For much of 2015/2016, God’s people at The First U.P. Church of Crafton Heights are seeking to be attentive to Christ’s call to follow as expressed in the Sermon on the Mount. On January 24 we considered the way that Jesus addressed some key religious practices, most notably fasting, as presented in Matthew 6:16-18. We also considered Paul’s words to his community in Corinth as given in I Corinthians 9:24-27.
Do you remember the weather forecasters during the middle of the week? The snow is coming! Snow!
When you heard that, what did you do? Well, if you’re like the stereotypical Western Pennsylvanian, you heard the forecast for snow and you hightailed it down the Giant Eagle to make sure you had milk, bread, and eggs. Because that’s what we do, right? One flake, and we’re there. Oh, we may have some difficulty due to the snow, but we’re not going to experience French toast-related emergencies in this household, thank you very much.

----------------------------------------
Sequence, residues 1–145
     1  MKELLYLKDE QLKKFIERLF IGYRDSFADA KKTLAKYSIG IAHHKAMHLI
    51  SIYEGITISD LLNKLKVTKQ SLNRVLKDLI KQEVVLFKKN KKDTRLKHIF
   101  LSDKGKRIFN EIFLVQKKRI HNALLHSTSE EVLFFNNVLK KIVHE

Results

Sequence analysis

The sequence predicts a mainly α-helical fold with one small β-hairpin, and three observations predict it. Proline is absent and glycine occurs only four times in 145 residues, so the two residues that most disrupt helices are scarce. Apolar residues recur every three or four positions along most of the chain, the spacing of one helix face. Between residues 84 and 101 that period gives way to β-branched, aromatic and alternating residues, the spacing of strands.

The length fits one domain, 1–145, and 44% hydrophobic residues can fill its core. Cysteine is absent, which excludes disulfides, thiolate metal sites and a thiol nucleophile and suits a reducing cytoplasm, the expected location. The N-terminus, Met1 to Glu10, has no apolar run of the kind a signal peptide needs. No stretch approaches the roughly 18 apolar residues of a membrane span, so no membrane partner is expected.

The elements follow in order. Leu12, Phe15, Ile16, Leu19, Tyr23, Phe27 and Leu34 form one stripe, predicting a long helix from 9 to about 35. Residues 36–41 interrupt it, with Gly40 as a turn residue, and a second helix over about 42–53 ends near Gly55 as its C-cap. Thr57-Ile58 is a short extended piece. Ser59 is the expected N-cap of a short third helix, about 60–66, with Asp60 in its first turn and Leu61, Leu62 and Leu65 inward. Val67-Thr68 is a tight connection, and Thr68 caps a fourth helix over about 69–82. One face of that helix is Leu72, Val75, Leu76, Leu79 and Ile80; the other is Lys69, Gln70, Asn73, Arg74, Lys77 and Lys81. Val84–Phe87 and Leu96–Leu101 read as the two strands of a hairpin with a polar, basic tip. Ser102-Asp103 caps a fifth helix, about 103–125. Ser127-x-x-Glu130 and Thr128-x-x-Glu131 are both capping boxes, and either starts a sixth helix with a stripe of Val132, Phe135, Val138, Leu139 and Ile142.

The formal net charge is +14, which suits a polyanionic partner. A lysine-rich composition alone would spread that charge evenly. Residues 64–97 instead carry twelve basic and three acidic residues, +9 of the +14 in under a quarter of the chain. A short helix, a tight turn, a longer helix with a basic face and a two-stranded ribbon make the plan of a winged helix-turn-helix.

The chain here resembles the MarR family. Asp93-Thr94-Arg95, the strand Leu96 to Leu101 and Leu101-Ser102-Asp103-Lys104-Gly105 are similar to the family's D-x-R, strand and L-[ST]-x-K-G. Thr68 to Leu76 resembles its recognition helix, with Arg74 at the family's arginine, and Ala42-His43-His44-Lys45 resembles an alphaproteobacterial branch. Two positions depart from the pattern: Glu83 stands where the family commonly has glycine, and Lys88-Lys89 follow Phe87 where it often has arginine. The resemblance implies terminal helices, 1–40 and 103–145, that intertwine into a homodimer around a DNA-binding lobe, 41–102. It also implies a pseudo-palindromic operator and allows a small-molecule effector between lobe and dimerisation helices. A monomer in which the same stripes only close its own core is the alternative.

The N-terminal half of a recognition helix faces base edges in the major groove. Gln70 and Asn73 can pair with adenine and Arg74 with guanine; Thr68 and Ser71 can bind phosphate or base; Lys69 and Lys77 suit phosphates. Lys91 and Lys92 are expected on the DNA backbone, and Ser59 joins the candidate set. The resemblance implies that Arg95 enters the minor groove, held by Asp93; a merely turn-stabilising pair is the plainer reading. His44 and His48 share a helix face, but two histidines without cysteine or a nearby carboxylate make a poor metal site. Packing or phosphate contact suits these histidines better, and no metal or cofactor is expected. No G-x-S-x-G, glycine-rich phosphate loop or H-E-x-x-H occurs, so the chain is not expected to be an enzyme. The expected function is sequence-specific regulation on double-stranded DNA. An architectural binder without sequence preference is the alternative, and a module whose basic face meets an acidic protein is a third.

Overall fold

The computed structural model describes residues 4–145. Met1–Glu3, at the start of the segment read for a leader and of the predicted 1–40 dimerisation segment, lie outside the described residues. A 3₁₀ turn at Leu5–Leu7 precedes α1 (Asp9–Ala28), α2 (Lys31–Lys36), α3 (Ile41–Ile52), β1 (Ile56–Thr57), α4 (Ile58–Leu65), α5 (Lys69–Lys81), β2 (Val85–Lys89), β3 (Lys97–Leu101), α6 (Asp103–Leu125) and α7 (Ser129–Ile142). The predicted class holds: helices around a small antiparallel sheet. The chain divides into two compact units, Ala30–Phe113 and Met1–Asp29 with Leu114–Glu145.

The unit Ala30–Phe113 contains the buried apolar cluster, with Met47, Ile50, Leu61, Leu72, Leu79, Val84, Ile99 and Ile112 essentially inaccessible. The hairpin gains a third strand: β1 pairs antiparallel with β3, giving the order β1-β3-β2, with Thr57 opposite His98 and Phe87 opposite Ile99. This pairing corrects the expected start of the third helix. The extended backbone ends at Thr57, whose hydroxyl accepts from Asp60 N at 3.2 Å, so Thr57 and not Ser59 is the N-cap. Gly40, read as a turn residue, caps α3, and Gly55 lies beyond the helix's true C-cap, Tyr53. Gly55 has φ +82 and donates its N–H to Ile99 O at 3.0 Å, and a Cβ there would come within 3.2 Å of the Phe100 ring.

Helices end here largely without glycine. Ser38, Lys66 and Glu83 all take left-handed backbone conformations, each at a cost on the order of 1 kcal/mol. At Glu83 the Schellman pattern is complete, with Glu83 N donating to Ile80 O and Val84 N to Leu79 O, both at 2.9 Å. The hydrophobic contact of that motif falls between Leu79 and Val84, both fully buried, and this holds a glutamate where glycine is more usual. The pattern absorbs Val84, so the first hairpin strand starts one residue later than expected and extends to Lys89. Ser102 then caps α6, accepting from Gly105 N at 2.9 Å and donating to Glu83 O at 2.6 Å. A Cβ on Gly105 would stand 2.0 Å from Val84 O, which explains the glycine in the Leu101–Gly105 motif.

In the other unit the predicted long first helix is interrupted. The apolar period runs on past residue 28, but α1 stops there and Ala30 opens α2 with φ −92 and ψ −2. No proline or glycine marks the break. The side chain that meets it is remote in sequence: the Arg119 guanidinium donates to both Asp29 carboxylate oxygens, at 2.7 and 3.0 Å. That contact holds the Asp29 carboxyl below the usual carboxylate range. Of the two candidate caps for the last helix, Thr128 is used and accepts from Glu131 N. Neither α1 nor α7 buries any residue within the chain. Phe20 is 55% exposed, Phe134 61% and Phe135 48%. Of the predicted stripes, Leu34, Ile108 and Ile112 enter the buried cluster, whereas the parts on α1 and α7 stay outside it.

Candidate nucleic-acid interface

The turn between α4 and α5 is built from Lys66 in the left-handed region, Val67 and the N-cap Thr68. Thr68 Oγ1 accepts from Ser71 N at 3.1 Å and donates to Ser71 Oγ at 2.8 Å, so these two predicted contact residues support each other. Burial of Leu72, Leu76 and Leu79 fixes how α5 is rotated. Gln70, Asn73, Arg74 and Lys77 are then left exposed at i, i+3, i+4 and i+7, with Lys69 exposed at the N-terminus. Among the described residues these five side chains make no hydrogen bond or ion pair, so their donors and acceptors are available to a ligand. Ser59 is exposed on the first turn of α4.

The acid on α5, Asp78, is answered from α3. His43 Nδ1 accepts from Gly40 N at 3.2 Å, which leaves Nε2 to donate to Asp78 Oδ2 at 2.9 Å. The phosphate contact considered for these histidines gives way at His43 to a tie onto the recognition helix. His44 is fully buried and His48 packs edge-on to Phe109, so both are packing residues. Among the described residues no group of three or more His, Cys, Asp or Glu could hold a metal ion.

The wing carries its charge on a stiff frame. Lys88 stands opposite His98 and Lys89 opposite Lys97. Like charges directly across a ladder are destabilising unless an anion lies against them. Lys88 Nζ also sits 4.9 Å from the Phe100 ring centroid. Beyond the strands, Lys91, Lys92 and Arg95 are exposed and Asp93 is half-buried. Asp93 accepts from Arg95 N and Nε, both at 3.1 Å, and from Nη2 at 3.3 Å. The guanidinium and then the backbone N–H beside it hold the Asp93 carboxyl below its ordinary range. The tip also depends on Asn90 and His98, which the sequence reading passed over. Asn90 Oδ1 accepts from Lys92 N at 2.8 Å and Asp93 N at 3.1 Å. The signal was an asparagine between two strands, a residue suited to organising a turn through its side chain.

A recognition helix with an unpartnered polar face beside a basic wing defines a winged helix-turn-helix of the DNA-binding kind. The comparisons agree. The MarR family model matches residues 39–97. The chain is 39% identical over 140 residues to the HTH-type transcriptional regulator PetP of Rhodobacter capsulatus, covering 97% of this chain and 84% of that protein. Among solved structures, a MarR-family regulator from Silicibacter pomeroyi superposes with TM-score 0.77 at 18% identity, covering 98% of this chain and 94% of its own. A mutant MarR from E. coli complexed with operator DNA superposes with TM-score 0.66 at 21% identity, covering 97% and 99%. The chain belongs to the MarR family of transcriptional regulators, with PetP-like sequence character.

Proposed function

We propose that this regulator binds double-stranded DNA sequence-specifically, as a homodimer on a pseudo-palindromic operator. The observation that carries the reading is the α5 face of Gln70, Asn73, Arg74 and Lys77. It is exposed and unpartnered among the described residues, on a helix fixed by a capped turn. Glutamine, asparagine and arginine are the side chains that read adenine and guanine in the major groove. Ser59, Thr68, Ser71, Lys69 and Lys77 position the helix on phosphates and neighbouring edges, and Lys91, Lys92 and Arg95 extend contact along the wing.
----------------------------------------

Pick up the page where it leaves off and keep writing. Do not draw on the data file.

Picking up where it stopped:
It’s what we do.
In the first century, if you were a religious Jew, you gave alms, you prayed, and you fasted. Maybe you spent a lot of time thinking about it. Maybe you didn’t. But you did those things, because that’s what religious people did.
Jesus’ disciples were not an exception, apparently. Here in the Sermon on the Mount, he addresses those practices, and three times he says, “When…” When you give to the needy, when you pray, and when you fast.
Most of the religious leaders of Jesus’ day fasted twice a week – they went without food on Mondays and Thursdays. There were a lot of reasons for this practice, including repentance for sin and a desire to be connected with the things that were important to the Lord. There was also, evidently, something important about being seen as a person who fasted. When Jesus speaks to his followers about fasting, he specifically instructs them NOT to make a big production out of it. In fact, he says, try not to let anyone suspect that you are fasting.